News Writer Jimmy Simpson reports on Hong Kong Court Convicting 14 Pro-Democracy Activists in Landmark Trial

Written by Jimmy Simpson
Fourth year Liberal Arts & Natural Sciences student

On Thursday, May 30, a Hong Kong court found 14 pro-democracy activists guilty of subversion in the largest national security trial in the region’s history. Among those convicted were former lawmakers Leung Kwok-hung and Helena Wong, as well as journalist Gwyneth Ho, who were part of a larger group of 47 activists charged with attempting to ‘overthrow’ the government in 2020 by organising an unofficial primary to select candidates for the Legislative Council.

The 14 activists were convicted under the National Security Law introduced by the Chinese government in 2020. The law, implemented in the wake of protests that erupted in 2019 in response to a controversial extradition law proposed by Beijing, criminalises anything regarded as secession, subversion, terrorism, or collusion with foreign or external forces. Hong Kong’s NSL has proved extremely controversial, with the British Foreign Secretary David Cameron describing it as ‘a clear breach’ of the agreement made between China and the United Kingdom as part of Hong Kong’s handover in 1997.

Justifying the ruling, the court stated that the activists would have ‘created a constitutional crisis for Hong Kong’ had they been elected to the legislature. The court further claimed that, had the pro-democracy activists successfully sought election, they would have attempted to ‘veto or refuse to pass any budgets’ introduced by the legislature. This would have led, the court argued, to ‘serious interference in, disrupting or undermining the performance of duties and functions in accordance with the law by the (Hong Kong) government’. Moreover, an official claimed that the activists had been engaged in ‘disorderly conduct’.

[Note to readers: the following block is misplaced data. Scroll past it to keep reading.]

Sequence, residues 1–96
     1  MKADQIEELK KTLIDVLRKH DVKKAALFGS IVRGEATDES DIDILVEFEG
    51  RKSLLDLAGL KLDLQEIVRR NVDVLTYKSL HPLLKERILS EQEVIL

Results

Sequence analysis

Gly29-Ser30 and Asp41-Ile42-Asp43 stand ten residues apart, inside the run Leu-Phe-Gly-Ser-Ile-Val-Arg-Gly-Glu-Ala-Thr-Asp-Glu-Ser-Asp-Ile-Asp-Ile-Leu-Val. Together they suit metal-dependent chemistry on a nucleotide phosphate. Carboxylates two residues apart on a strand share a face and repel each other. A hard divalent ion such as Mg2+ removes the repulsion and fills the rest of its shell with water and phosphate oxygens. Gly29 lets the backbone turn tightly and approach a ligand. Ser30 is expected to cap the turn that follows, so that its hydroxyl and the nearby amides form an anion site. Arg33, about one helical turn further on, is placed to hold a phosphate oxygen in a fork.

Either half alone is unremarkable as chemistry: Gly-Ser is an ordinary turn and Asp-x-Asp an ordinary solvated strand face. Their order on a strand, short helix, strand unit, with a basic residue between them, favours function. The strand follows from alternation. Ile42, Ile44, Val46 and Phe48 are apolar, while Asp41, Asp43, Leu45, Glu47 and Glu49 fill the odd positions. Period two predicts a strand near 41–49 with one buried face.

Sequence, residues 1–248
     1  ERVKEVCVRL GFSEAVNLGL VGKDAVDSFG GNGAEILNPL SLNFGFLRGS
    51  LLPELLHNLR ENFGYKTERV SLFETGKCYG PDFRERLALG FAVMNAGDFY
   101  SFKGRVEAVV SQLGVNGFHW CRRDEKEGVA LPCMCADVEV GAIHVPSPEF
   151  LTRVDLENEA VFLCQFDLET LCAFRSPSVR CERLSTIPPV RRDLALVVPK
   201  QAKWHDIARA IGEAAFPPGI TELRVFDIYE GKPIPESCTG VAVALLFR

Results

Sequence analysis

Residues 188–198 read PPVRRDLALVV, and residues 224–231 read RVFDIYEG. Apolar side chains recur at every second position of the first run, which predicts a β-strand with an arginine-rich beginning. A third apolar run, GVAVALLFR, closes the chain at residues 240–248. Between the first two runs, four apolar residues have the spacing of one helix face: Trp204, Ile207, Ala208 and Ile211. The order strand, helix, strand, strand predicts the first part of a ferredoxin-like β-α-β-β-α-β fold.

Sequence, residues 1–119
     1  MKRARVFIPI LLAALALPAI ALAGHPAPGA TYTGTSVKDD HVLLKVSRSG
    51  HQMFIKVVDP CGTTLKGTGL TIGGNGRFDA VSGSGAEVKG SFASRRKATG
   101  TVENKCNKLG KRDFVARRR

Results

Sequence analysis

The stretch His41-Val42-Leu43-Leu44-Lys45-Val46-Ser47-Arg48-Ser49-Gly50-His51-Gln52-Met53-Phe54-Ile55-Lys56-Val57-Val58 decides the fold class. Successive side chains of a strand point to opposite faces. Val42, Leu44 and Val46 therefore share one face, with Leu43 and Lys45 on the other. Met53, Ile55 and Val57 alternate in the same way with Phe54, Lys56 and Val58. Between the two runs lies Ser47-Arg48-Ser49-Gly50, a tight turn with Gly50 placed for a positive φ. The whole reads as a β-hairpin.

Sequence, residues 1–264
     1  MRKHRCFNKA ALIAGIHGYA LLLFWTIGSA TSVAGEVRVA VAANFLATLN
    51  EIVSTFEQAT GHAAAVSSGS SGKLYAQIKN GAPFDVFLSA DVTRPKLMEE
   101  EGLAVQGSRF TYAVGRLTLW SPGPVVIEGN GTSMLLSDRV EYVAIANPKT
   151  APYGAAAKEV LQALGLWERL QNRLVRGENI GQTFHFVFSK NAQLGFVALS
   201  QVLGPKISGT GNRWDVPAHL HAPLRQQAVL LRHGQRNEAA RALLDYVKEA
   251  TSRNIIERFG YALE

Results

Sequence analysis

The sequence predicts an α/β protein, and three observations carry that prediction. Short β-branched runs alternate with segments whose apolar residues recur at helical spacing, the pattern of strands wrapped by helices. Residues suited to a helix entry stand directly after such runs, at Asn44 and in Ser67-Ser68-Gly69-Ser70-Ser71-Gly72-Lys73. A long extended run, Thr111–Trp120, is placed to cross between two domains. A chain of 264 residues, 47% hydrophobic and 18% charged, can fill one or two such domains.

Justifying the ruling, the court stated that the activists would have ‘created a constitutional crisis for Hong Kong’ had they been elected to the legislature.

Of the 16 defendants brought to trial, two – former district councillors Lawrence Lau and Lee Yue-Shun – were acquitted on the grounds that the court ‘cannot be sure’ whether they were ‘parties to the scheme’ or ‘had the intention to subvert the state’s power’. Nevertheless, the justice department has stated that it will appeal the acquittals.

Along with the trial of billionaire Jimmy Lai, the case has drawn widespread attention and criticism, with many, particularly in the West, arguing that it demonstrates China’s use of the National Security Law to suppress dissent. Beijing has refuted these claims, asserting that the NSL has successfully restored stability to Hong Kong since the end of the 2019 protests. Responding to the recent verdict, British Minister for the Indo-Pacific Anne Marie Trevelyan argued that it ‘will only further tarnish Hong Kong’s international reputation. It sends a message that Hong Kongers can no longer safely and meaningfully participate in peaceful political debate’.

Sentencing is expected to take place at a later date, with those deemed the ‘principal offenders’ among the 14 convicts potentially facing a prison sentence of more than 10 years and even up to life imprisonment.

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